Last Updated: Sun Oct 17, 2010 00:08 am (KSA) 21:08 pm (GMT)

Riyadh tops world Pakistan flood relief funds

Pakistan flood victims stand in a line to receive food handouts from a charity at a camp Khyber-Pakhtunkhwa
Pakistan flood victims stand in a line to receive food handouts from a charity at a camp Khyber-Pakhtunkhwa

Saudi Arabia has pledged $124.29 million aid for Pakistan’s flood relief campaign, surpassing the western economic giants - and Islamabad’s allies in war against terror - in their announcements towards the massive relief campaign urgently needed to protect nearly 40 million people from starvation and diseases.

The Saudi commitments confirmed to Islamabad were the biggest so far and was in addition to the 2500 tons of dates already sent to Pakistan earlier this week, officials said in Islamabad.

“Islamabad has received aid pledges amounting at $466.11 million, of which Riyadh has contributed the largest portion, estimated at $124.29 million,” a top government official said.

Islamabad has been critical of the western donors for their slow and insufficient response towards relief campaign compared to the magnitude of the catastrophe.

Officials said Washington pledged $90 million, inclusive of the army helicopters and crew members, already sent on Islamabad’s disposal for relief operations.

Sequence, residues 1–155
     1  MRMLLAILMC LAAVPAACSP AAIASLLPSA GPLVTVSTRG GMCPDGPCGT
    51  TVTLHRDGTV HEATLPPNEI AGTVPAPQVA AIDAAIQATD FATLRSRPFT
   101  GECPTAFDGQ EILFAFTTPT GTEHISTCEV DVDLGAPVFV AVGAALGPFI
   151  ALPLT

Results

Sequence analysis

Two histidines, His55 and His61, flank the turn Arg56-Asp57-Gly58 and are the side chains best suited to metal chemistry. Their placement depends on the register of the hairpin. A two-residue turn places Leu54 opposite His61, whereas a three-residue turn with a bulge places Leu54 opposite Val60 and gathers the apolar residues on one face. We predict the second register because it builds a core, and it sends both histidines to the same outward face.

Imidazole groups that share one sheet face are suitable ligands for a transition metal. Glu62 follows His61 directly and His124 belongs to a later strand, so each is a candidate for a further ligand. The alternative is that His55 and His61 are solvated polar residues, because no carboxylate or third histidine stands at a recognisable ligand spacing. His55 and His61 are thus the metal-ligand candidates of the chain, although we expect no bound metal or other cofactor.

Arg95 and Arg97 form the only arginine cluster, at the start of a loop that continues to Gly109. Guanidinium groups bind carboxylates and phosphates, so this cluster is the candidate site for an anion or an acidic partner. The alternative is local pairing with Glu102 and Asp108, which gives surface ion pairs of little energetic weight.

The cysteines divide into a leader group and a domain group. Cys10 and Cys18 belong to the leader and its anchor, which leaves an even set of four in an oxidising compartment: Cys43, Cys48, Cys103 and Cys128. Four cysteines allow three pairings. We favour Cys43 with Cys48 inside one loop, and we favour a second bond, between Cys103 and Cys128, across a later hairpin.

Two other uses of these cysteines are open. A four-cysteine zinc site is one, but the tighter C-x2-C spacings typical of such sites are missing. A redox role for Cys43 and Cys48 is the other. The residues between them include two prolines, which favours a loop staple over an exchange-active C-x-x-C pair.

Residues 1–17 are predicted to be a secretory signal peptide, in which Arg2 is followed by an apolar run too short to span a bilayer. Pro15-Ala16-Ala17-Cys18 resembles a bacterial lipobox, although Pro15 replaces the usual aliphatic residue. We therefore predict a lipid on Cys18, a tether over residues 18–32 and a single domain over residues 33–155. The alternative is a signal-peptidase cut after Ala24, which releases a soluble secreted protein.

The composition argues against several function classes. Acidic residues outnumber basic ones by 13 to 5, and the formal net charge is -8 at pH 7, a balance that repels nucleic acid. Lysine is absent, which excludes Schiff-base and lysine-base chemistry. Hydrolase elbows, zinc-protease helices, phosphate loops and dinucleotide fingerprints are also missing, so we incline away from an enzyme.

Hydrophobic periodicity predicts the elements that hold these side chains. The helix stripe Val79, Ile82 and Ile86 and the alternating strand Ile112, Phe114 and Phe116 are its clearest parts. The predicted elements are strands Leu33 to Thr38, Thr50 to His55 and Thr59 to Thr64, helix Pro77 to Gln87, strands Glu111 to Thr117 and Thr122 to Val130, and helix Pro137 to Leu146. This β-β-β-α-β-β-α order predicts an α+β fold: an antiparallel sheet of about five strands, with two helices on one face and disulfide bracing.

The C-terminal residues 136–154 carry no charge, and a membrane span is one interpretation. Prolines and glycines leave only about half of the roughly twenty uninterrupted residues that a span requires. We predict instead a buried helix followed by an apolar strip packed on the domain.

While the European Union pledged $25 million including medicine and food supplies.

The generous donation announced by Saudia Arabia was hailed across Pakistan as an expected positive gesture from a time-tested friend. The gesture came in contrast to the scant contribution of western countries allied with Islamabad over the last decade in the war against terror.

The NATO forces, engaged with Pakistan against al-Qaeda and Taliban in the country’s northern mountainous areas, have so far abstained from committing anything towards Islamabad’s flood relief operations.

The U.N. has also complained against the western donors for not being swift and generous towards a country experiencing one of the biggest human disasters in modern history. The U.N. appealed for at least $2 billion funds from the world, which are needed to salvage and rehabilitate around 40 million people affected.

Islamabad has also called for an estimated $15 billion assistance from the world, which it needs to cope with the catastrophe that threatens almost half of its population with starvation and diseases.

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